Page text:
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Plane crash near Basingstoke UK

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Plane crash near Basingstoke UK

Old 30th Jan 2015, 11:51
  #181 (permalink)  
 
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Terrible tragedy. Good to hear the little lad is making a recovery, but at a huge cost to his future.
I am a relatively new PPL who is currently finishing my IR(r) and I have a young son and wife who I have taken in the 172 a couple of times, only in good VFR and local area flights.

It reads like 'get home itis' that contributed to the pilot even taking off in those conditions, particularly with his family on board but the AAB report will no doubt cast some light on the facts surrounding this incident. Does anyone know if he was IMC or IR (even if the plane wasn't certified for IR I presume it could have had some instruments fitted?).
Was this a kitplane?
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Old 26th Feb 2015, 13:28
  #182 (permalink)  
 
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This aircraft was featured here:

FLYER Forums ? View topic - March FLYER - Pioneer 400

and here:

Pioneer 400 - Flight Tests - Pilot
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Old 10th Mar 2016, 13:02
  #183 (permalink)  
 
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AAIB report published

the report is out. The pilot made some questionable decisions but that isn't the whole story, as is so often the case.

https://www.gov.uk/government/upload...tin_3-2016.pdf
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Old 10th Mar 2016, 19:28
  #184 (permalink)  
 
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A seized engine on short finals wasn't a scenario foreseen by many expert speculators on this thread.
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Old 10th Mar 2016, 22:43
  #185 (permalink)  
 
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A sobering read. I always try to ask myself, 'What am I doing to avoid that happening to me?' Engine issues aside, it has at least reminded me why I fly certified ancient spamcans instead of sexy homebuilts. One option he didn't have was to climb into IMC and get vectors for an ILS at Southampton.
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Old 10th Mar 2016, 23:12
  #186 (permalink)  
 
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tmmorris' post above reminds me of something I was told by my first boss in a flight test department, which remains excellent advice.

Before making any aeronautical decision, always run through your head the phrase "at the subsequent board of inquiry"
That said, if he had the kit and training, he absolutely could have climbed into IMC and asked for a diverting IAP into Southampton. He might be embarrassed with paperwork to do - and would be wise to declare a pan. But if he and the aeroplane could do it, it's a legitimate set of actions, albeit emergency ones.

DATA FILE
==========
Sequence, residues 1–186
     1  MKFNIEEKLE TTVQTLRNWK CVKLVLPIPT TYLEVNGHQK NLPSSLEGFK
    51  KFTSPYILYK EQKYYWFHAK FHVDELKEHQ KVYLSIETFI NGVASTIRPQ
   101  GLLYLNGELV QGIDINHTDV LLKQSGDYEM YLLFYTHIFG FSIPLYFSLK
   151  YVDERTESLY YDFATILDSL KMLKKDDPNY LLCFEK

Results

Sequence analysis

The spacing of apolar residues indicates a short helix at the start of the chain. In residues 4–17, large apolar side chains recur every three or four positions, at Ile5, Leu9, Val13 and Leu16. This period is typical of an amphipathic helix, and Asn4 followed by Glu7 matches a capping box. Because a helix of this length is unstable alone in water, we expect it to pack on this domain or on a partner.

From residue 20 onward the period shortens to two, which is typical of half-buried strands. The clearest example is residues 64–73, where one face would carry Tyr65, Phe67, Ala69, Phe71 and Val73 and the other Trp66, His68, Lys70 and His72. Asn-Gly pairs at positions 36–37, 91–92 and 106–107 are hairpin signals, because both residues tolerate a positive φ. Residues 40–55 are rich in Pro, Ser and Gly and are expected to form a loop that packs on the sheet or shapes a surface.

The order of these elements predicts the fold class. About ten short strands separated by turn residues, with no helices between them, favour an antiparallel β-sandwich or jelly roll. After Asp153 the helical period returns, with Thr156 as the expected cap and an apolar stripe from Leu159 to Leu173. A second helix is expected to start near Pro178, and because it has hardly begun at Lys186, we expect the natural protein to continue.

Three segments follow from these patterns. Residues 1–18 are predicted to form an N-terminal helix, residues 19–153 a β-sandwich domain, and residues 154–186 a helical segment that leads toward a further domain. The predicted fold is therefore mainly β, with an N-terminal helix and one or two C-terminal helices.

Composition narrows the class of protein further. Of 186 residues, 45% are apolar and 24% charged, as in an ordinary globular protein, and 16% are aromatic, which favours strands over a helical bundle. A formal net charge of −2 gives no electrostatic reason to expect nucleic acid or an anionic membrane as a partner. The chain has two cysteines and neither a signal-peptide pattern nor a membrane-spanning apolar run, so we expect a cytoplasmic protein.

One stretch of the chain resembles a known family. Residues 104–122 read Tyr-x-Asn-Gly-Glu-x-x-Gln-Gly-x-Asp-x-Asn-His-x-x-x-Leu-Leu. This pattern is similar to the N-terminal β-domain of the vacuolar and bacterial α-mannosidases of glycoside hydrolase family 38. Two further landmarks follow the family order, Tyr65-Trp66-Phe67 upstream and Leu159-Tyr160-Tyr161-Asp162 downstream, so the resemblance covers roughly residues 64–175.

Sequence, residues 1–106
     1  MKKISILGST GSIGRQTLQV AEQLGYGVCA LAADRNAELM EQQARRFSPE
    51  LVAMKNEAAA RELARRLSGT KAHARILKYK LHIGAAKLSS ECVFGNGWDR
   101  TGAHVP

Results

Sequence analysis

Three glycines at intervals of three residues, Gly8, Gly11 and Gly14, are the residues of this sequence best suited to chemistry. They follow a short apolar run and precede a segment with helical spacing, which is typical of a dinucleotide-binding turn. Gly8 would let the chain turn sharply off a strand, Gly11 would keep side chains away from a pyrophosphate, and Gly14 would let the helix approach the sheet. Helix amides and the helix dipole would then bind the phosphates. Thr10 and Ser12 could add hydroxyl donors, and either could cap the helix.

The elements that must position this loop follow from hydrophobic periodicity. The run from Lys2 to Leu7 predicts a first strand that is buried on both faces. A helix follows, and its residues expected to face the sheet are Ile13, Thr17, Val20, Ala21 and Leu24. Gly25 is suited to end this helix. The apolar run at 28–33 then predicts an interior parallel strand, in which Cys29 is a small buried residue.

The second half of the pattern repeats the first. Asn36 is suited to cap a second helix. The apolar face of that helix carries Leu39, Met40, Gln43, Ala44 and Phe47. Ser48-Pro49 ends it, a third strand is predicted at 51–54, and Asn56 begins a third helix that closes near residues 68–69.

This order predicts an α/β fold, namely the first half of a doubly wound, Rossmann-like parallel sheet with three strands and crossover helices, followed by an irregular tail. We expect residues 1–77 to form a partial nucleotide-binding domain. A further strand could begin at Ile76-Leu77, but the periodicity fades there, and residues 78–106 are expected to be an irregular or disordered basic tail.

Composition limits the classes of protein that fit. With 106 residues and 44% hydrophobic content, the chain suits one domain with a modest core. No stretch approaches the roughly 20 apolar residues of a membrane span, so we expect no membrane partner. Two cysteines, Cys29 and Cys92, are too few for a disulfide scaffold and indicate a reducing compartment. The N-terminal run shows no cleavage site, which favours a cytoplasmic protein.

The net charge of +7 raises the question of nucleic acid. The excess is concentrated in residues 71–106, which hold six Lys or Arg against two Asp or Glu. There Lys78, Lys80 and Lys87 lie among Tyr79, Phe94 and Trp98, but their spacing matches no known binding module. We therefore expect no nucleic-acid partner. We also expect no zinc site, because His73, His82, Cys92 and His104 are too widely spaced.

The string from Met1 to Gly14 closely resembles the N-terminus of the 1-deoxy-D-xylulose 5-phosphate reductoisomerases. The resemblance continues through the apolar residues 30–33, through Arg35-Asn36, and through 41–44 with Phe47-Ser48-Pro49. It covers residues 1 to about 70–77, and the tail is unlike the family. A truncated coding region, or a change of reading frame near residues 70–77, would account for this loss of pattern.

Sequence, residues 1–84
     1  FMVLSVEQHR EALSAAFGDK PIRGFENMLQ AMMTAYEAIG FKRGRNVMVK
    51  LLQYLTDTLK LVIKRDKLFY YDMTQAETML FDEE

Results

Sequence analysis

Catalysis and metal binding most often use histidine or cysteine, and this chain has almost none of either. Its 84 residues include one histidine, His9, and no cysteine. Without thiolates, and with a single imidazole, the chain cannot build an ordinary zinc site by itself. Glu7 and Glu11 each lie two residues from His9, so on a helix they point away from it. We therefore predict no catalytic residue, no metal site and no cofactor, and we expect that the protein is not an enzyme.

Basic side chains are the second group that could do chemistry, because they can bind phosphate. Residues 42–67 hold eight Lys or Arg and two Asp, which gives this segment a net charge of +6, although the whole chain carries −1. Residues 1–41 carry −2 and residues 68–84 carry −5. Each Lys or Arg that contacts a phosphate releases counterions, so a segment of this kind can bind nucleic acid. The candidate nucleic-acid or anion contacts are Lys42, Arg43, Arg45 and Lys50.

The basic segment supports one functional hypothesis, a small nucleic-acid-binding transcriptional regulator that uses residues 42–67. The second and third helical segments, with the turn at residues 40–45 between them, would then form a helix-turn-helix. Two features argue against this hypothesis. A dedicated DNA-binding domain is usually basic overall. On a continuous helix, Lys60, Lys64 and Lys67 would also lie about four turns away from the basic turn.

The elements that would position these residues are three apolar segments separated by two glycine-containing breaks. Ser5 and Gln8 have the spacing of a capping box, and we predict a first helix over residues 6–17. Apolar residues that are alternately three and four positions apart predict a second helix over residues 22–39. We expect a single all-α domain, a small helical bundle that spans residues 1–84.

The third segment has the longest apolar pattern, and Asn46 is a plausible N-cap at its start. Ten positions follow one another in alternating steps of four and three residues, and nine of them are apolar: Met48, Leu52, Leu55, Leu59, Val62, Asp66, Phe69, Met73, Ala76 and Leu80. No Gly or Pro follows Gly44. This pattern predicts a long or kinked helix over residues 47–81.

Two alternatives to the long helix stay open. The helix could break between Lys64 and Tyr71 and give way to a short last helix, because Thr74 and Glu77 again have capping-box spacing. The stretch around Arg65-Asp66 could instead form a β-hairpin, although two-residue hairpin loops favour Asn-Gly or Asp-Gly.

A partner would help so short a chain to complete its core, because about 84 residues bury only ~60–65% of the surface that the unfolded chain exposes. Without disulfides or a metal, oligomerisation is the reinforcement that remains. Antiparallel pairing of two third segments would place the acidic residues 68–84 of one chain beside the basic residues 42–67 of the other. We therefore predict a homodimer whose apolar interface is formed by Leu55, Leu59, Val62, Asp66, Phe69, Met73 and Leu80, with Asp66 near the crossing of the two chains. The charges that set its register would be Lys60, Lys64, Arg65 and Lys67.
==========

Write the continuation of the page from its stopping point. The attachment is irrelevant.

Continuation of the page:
G
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Old 10th Mar 2016, 23:47
  #187 (permalink)  
 
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Originally Posted by tmmorris View Post
it has at least reminded me why I fly certified ancient spamcans instead of sexy homebuilts
This isn't the first accident report which has caused that thought to cross my mind. It's not very fashionable though.
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Old 11th Mar 2016, 09:36
  #188 (permalink)  
 
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Sadly the holes in the Swiss cheese lined up for this guy. Weather, low time, the added pressure of having prescious passengers, equipment failure, perhaps unfamiliar with the immediate local area all stacked up on him.

As others have said those top of the line LSA's have one heck of a lot of advanced systems and controls over your average spam can ( retract, CSP , turbo). I wonder if differences training is sufficient to get entry level pilots up to speed on operating them , perhaps a endorsement like the type needed to fly complex or high performance aircraft with an approved syllabus may be better?
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Old 11th Mar 2016, 15:18
  #189 (permalink)  
 
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something I was told by my first boss in a flight test department, which remains excellent advice.

Quote:
Before making any aeronautical decision, always run through your head the phrase "at the subsequent board of inquiry"
The advice I treasure suggests that you envisage the accident report. If you find yourself reading the phrase "The pilot, nevertheless, " then it's time to change the plan.
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Old 11th Mar 2016, 16:39
  #190 (permalink)  
 
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Originally Posted by Genghis the Engineer View Post
tmmorris' post above reminds me of something I was told by my first boss in a flight test department, which remains excellent advice.



That said, if he had the kit and training, he absolutely could have climbed into IMC and asked for a diverting IAP into Southampton. He might be embarrassed with paperwork to do - and would be wise to declare a pan. But if he and the aeroplane could do it, it's a legitimate set of actions, albeit emergency ones.

G
I don't think you've read the report. The die was cast. With the wastegate locked closed and the TCU protection logic disabled, it was a just a question of when not if the crank would let go on overspeed. Throttling up and climbing into IMC would guarantee a seizure.

Although of course the pilot was unaware of that.

Last edited by skyrangerpro; 11th Mar 2016 at 16:42. Reason: added last sentence
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Old 11th Mar 2016, 18:38
  #191 (permalink)